June 15, 2008
Homegrown; Some Basic Advice Will Have You Reaping the Rewards of Your Own Garden
By DAVID LEWELLEN
Supermarket sticker shock has led more Wisconsinites to think about the satisfaction of growing their own produce.
A recent Garden Writers Association survey indicates that 39% of Americans with yards grow some of their own food.
Most people who seek to grow a vegetable garden have planted it by now. But there is still plenty to worry about. How much water or rain is enough -- or too much? Why did that leaf turn yellow? What about that insect on the cucumber plant? Is it too late to put in more lettuce?
From an assortment of experts, here are some suggestions for novice and experienced gardeners alike:
- It's not too late to start. Memorial Day is the traditional date in Wisconsin to set out frost-sensitive plants such as tomatoes and cucumbers. But the growing season runs through September. "Sometimes I don't get something in until mid-June," said Ann Wied, consumer horticulture educator with the Waukesha County UW Extension, "and we'll still get a lot of vegetables or flowers."
- Mulch. A layer of something on the ground around your plants will help keep water in and weeds out. What that layer is can vary.
Pat Williams, a horticulturist at Johnson's Nursery in Menomonee Falls, won't grow tomatoes without spreading black plastic on the ground. Organic mulches -- straw from a garden center, or grass clippings from your mower bag -- also offer protection for plants, and will enrich the soil in future years. Sharon Morrisey, the consumer horticulture agent for the Milwaukee County UW Extension, recommends not laying down your mulch until mid-June, when the soil is fully warmed.
- Water efficiently. Get a rain gauge; as a general rule, plants need about an inch of water a week. "If (plants are) wilted in the afternoon, you may need to water," said Barbara Ellis, author of "The Veggie Gardener's Answer Book.""If it's still wilted in the morning, that's when you really need to do it."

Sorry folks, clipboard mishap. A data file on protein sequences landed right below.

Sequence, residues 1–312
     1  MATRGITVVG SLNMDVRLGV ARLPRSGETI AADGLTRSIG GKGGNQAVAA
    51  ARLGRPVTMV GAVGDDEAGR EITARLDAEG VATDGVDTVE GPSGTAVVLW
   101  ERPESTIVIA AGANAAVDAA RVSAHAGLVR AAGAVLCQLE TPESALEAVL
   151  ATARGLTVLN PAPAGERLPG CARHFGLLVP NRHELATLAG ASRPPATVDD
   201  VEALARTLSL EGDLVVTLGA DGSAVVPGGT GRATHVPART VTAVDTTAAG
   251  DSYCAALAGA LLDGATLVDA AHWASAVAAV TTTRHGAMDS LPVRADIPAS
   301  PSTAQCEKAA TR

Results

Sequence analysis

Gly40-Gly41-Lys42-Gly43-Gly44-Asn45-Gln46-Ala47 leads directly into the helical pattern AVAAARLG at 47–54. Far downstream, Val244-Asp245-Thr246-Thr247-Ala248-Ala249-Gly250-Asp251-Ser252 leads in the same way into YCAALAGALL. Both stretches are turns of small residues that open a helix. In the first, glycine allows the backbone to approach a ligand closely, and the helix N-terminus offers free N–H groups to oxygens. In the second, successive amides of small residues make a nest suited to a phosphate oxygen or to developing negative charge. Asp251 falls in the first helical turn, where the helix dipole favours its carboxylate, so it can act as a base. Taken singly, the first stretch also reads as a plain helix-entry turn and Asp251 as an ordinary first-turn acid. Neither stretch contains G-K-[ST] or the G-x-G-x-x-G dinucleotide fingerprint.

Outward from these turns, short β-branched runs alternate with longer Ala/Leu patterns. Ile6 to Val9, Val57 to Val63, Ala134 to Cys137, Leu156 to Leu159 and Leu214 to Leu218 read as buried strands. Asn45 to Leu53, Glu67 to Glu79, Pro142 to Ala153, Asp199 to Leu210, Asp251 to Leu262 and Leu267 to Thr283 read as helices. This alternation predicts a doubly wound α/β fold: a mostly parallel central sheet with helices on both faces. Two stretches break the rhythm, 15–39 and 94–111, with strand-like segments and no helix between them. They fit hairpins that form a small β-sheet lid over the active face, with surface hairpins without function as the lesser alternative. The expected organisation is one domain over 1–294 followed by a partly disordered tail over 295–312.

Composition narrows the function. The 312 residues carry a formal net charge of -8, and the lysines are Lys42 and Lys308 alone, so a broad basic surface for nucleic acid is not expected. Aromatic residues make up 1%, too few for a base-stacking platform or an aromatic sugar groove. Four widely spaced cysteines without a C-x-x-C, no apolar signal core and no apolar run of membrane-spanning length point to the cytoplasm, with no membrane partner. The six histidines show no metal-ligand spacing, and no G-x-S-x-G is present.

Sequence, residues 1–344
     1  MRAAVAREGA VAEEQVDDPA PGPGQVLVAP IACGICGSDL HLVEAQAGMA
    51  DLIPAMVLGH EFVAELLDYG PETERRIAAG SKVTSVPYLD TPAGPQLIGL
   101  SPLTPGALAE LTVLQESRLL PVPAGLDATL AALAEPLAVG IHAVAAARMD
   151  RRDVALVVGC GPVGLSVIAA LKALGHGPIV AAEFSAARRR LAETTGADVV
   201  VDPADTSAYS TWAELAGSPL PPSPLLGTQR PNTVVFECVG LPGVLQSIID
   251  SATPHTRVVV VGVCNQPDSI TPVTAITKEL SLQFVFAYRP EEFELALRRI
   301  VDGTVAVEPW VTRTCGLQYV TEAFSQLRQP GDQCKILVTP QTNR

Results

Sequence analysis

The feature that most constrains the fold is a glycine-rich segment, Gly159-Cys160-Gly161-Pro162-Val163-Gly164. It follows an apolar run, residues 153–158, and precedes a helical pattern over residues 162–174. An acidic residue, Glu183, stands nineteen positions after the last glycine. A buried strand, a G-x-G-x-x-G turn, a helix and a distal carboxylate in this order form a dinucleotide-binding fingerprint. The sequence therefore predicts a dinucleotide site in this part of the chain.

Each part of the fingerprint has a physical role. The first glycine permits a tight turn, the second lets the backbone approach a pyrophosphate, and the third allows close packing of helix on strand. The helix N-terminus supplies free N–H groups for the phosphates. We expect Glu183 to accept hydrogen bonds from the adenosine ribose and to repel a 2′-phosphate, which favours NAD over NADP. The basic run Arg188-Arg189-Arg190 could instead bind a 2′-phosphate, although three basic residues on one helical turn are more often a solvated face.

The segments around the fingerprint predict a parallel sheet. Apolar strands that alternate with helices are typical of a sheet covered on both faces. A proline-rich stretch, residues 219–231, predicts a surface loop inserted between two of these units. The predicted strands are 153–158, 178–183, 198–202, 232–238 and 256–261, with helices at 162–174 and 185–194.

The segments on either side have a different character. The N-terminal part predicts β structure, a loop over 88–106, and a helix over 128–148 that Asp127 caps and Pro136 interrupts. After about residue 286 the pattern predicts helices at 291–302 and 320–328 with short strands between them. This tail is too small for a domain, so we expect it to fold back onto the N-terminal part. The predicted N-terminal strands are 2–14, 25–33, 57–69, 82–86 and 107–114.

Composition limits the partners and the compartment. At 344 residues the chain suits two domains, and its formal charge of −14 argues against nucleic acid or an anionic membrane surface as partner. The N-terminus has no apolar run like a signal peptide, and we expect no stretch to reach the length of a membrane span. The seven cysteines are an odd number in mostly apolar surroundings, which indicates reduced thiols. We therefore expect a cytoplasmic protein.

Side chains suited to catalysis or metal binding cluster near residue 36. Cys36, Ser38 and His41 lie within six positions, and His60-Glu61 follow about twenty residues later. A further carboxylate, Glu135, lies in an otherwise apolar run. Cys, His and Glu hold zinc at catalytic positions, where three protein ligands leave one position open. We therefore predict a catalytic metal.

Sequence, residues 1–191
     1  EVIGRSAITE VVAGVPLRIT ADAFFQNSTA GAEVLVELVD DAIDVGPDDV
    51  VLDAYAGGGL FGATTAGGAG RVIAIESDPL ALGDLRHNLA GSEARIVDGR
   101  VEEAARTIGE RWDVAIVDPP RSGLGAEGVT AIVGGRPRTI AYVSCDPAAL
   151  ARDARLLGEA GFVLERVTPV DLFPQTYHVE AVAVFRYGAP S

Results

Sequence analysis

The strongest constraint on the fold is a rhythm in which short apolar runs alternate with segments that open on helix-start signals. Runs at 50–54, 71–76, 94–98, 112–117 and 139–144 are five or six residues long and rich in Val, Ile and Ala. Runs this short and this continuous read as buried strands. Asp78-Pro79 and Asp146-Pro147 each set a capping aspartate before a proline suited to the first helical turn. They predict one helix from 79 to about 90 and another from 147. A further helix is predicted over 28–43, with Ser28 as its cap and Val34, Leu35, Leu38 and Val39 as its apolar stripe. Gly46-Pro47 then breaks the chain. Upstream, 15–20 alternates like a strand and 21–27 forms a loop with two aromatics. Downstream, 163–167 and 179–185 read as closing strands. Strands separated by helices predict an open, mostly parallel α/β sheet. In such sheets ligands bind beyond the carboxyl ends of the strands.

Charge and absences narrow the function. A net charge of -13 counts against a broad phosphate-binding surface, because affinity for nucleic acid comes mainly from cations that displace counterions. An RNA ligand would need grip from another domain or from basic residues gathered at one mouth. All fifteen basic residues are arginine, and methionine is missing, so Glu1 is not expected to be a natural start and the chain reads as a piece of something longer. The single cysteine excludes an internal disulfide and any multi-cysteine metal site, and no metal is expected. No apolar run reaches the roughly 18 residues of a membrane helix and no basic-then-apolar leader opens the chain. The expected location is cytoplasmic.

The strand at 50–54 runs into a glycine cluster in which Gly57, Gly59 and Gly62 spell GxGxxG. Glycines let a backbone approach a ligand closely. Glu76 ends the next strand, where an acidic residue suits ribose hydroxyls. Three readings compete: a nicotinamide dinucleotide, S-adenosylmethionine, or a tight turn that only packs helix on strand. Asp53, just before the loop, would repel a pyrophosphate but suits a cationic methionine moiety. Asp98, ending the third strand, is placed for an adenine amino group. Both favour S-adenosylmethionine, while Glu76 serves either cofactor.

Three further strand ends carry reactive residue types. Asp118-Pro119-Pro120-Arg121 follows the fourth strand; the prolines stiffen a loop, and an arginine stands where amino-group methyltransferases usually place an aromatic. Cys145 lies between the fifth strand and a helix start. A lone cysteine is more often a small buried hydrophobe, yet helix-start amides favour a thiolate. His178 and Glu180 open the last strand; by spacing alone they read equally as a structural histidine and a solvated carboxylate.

If the garden looks OK and it hasn't rained for a week, do the finger test: Stick a trowel about 4 inches down into your soil and feel. If it's moist at that level, the plants will be fine.
Technique is important in watering. By far the best time is early morning. At midday, water evaporates too quickly; in the evening, water left on leaves overnight invites fungus and mildew. Try to direct the stream of water to the base of the plant in order not to get leaves wet at all, and really soak the roots. One thorough watering a week beats two or three superficial ones. Many gardeners recommend a wand attachment for the hose; McGinnis uses an irrigation system of soaker hoses.
To measure your watering, Morrisey suggests putting a shallow can at the base of the plant.
- Be judicious in attacking bugs. "There are more beneficial insects out there than pests," Wied said. "If you spray any time you see something, you'll kill everything, the good and the bad."
If you use a chemical, follow the directions and know what you're targeting.